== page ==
7 Tips to Sharpen Your Wedding Photo People Skills


Weddings are all about people and, for the photographer, success often depends on how you interact with the multitude of personalities you will find at a wedding venue. We spoke to a good cross-section of professional wedding photographers to assemble some tips for both beginner and veteran wedding shooters.

1. Know Your Client

“Know your client—their likes, dislikes, preferences, what they’re comfortable with, and what makes them uncomfortable,” says San Diego’s Alex Oat. “You want to photograph them in their comfort zone,” says Tom Baldassare, a New York wedding photographer.

Ontario, Canada’s Lori Waltenbury takes this one step further and recommends that shooters “strive to remember names and create personal connections with guests, but especially the wedding party! I’ve gotten countless referrals and bookings from the wedding party because I made a personal connection with them.”

2. Tact

Remember, the wedding isn’t your show. You are part of a supporting cast. However, there are definitely times when the photographer needs to take control of a situation. Oat says that photographers should “know when to speak up, during family portraits, weddings party shots, when someone’s collar is flipped up.” Waltenbury echoes that sentiment by adding, “Learn how to read various situations and act accordingly. Focus on being a calm and collected facilitator and not to add stress or chaos to their already crazy day. Focus on being a friend, a confidant, and not so much a vendor.”

3. Key Players

I mentioned above that you are part of an ensemble of the wedding’s support structure; one player in a cast of many that, hopefully, work together to make the wedding perfect for your clients. Jesse Rinka, based in Westchester, New York, says, “When you arrive at the church or location where the ceremony is to be held, always make it a point to find the one who is running the ceremony and introduce yourself. Explain your intentions and find out if there are any ground rules that they wish you to follow, places you should not be, or moments during the ceremony that they prefer you not interfere with.”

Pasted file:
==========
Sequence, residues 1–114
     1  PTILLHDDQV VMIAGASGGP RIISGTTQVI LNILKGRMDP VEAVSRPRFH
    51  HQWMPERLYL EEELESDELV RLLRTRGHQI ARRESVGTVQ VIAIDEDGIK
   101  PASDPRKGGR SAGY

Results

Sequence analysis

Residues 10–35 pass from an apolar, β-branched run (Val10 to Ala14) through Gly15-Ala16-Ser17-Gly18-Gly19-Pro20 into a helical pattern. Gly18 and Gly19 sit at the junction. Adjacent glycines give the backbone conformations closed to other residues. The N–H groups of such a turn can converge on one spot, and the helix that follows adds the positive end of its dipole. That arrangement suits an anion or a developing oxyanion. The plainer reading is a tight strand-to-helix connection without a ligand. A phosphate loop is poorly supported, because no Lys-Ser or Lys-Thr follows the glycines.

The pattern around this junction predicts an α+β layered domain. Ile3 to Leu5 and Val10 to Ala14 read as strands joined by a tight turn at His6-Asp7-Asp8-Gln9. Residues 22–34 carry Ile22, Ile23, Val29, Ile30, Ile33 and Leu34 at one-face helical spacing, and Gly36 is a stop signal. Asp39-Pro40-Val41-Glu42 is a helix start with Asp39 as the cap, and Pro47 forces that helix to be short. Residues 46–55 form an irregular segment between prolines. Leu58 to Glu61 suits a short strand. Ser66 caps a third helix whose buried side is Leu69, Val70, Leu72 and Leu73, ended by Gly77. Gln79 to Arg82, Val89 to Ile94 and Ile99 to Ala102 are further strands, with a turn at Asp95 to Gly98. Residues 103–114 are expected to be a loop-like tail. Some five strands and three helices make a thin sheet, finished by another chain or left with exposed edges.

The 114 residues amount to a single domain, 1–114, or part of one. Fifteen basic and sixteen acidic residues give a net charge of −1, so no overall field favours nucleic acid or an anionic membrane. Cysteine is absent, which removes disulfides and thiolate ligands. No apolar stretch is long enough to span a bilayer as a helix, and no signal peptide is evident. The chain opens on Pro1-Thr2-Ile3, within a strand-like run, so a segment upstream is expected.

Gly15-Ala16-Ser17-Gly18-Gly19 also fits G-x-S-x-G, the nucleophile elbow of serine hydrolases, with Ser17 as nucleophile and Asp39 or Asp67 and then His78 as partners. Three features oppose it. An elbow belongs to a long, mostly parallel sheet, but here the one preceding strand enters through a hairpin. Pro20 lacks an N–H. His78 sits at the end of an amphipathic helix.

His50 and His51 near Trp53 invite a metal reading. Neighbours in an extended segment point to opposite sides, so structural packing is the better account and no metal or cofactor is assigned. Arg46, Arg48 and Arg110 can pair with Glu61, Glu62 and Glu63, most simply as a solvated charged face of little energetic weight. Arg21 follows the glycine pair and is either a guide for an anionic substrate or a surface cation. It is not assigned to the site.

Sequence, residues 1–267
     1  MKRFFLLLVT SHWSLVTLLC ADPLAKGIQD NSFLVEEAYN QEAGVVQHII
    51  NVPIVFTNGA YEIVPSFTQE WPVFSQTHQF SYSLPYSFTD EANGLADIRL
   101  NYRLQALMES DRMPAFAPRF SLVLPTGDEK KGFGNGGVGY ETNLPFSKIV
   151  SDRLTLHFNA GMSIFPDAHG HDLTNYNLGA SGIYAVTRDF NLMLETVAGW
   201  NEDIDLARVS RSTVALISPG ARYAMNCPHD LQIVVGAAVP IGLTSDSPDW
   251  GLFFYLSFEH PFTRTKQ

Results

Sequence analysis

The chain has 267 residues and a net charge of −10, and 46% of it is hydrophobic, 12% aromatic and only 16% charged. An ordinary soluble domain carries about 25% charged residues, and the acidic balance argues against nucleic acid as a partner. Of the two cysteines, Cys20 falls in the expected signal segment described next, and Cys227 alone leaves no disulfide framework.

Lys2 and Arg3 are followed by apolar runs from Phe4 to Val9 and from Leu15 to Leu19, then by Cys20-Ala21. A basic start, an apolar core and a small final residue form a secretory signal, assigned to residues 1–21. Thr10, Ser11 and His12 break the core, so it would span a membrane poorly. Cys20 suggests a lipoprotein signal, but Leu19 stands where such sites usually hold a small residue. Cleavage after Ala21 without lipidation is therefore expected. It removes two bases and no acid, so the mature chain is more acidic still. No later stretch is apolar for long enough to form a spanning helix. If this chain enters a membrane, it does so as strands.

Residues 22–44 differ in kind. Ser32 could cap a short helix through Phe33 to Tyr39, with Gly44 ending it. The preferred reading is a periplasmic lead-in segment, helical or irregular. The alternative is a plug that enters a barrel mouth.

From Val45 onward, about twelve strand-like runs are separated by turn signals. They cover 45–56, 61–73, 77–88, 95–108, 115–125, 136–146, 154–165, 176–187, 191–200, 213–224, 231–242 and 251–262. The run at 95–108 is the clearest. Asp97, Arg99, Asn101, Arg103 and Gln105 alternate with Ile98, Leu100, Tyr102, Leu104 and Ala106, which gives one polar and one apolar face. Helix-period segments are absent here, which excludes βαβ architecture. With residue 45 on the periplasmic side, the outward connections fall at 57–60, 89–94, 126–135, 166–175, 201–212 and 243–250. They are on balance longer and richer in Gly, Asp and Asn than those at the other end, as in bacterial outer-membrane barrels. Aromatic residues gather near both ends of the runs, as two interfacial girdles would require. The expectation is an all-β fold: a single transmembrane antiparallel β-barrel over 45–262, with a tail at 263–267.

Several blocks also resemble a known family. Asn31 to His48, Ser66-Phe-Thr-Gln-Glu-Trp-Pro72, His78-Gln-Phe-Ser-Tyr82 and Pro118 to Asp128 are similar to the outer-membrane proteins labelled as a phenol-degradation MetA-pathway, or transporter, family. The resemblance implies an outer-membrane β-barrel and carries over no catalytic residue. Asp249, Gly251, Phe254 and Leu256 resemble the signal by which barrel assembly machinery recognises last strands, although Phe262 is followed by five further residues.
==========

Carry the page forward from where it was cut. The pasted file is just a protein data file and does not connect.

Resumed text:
He adds, “At the reception, locate the maitre d’ or the one in charge of the reception and introduce yourself. Find out from them the expected timeline of events, when each course is expected to be served, the timing of special dedications or speeches, first dances, parent dances, cake cutting, etc. Connecting with these people will make your life easier and ensure that while you are finally using the bathroom, for the first time all day, that the bride or groom is not dancing with their grandparent. Instead, they will look for you and hopefully hold off until you return.”

4. Crowd Control

Successfully photographing a wedding means that you need to, at times, be in charge of a large group of people. This requires a bit of assertiveness and a willingness to exert leadership over strangers. With more advice for wedding shooters, Rinka shares, “When it comes to bridal party and family photos, you must be able to control large crowds. You can’t be afraid to speak up in order to keep things moving along. Be bold and firm while also respectful.  Ensure friends and family members that you wish to get them back to partying and having a great time as soon as possible so the more cooperative they are, the quicker you will be able to make that happen. Everyone loves to eat and drink, so use that as motivation to keep things moving quickly.”